Margate UK Sept 29 2010
    Hi Kristin. Margate is right on the coast in the south east corner of England. This means it is wonderful for beach walks when the sun shines and bleak when it is cold and wet with a strong wind like today. That’s when I play with the internet and see what serendipity delivers.
    This afternoon I started with a blog called Rhodia Drive which led me to Notebook Stories which led me to your blog.
    Now the afternoon is over and I’m happy. Thanks, your are an inspiration and have a wonderful way of writing. Your blogs are addictive! Well done and very best wishes … from a new ‘fan’ old enough to be your grand daddy!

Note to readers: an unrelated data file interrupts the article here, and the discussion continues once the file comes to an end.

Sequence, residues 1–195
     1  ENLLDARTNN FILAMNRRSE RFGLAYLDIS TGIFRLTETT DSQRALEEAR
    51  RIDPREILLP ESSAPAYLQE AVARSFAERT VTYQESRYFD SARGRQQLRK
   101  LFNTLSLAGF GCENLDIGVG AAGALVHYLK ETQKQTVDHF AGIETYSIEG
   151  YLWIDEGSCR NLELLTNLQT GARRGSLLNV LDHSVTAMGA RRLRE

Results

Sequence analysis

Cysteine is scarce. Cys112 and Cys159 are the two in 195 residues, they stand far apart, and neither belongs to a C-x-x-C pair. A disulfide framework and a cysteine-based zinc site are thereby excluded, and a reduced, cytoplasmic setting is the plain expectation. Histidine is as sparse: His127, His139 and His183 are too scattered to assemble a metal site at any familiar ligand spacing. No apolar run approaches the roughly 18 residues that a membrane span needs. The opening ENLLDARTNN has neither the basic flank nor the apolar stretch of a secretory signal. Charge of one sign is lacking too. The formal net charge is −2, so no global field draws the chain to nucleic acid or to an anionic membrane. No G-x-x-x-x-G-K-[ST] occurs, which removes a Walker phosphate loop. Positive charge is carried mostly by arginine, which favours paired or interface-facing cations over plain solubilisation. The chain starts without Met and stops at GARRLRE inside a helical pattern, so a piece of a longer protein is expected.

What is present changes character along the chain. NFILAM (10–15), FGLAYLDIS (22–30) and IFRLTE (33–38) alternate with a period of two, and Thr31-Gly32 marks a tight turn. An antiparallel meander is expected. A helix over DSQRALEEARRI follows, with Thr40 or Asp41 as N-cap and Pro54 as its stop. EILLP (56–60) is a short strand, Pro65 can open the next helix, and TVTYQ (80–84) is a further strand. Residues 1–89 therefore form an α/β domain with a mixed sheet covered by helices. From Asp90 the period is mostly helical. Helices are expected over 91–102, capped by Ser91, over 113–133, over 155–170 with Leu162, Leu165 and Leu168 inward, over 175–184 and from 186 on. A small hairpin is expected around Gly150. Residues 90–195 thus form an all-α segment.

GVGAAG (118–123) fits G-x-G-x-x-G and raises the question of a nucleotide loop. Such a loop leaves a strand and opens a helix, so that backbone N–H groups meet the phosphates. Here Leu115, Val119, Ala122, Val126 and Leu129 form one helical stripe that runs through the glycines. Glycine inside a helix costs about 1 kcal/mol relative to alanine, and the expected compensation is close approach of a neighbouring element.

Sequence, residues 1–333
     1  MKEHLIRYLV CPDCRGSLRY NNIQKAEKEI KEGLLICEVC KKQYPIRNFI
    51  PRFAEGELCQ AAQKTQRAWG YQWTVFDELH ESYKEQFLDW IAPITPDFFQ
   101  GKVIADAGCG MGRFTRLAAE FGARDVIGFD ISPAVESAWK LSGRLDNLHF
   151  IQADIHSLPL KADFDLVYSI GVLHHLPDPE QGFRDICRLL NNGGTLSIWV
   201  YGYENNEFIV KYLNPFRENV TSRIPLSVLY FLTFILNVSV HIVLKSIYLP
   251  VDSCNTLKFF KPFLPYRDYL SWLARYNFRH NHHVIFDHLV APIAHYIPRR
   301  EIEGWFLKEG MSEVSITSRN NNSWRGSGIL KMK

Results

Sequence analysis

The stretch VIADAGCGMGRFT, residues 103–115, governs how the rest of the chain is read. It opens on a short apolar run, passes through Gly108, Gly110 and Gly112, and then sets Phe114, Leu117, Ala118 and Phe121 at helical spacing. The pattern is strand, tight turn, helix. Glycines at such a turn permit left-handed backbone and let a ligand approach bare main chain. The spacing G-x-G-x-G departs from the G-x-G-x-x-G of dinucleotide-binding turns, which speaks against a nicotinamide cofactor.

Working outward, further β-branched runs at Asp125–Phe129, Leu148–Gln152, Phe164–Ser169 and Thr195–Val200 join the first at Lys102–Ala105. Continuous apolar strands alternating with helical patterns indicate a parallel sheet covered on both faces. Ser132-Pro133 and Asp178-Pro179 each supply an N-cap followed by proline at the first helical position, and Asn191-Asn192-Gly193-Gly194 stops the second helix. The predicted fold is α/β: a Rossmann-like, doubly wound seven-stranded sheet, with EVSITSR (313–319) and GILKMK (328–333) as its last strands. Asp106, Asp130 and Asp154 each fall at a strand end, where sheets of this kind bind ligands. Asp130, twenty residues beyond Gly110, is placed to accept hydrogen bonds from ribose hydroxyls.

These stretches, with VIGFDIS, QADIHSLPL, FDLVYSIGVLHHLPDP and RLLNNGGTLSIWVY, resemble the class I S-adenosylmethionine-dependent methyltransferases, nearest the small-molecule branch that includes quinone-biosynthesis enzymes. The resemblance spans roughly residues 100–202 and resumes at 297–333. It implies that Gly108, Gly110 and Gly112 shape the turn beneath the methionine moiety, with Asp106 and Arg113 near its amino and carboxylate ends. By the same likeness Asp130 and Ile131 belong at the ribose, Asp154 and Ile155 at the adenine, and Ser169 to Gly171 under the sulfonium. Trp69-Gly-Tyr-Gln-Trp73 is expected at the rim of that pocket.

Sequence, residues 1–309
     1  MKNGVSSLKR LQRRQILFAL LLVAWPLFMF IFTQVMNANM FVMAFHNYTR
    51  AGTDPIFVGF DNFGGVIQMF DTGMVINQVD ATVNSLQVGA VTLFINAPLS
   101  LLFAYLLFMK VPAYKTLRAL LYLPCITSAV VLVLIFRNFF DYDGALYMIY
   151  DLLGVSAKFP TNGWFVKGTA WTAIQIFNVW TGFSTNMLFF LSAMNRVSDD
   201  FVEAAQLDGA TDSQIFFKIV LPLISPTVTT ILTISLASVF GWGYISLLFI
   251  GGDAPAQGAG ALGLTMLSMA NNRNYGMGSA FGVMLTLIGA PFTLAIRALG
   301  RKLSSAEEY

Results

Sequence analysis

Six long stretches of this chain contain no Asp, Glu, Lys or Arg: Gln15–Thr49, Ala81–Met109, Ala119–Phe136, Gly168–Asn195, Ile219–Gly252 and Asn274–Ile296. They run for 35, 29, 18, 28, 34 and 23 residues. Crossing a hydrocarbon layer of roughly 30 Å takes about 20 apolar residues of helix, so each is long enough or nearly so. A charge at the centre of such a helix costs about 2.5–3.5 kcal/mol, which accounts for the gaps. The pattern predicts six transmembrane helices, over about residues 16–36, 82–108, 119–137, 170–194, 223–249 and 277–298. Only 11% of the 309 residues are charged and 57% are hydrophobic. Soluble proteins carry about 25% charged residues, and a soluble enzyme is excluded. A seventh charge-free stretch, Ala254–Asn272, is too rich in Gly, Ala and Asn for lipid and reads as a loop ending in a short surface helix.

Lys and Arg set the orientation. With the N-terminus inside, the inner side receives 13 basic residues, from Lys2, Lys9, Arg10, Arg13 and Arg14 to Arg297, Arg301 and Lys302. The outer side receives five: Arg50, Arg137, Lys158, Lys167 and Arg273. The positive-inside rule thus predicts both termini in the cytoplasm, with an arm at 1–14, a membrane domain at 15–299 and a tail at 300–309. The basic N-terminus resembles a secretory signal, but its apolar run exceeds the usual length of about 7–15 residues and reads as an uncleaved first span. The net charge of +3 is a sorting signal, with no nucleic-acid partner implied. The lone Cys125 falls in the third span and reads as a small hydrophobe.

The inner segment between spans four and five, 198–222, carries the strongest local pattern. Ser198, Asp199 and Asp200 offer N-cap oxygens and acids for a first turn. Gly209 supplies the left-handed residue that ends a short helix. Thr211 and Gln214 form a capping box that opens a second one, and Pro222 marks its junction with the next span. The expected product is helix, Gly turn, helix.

2. Kristin

    Hi Colin! Thanks so much for the kind words. I’m all about positive addictions! 🙂 Margate sounds a lot like Seattle in terms of the weather. So glad you stumbled upon the site. Hope to see more of you around here soon!

  3. Samantha

    My brother passed away in April and I’ve been avoiding dealing with it so I though journalling might help but I can’t seem to get started, I’m afraid of where it might take me, and what other doors it might open…

    Any advice? Is it best to start with normal day-to-day journalling or jump straight in to the heavy stuff?

    • Kristin

      Samantha – I’m so sorry to hear about your brother. That must be devastating for you. I agree that journaling can help with grief. However, if you’re not already journaling regularly, starting with something this big might be quite difficult. I think teaming up with a good counselor could be very beneficial.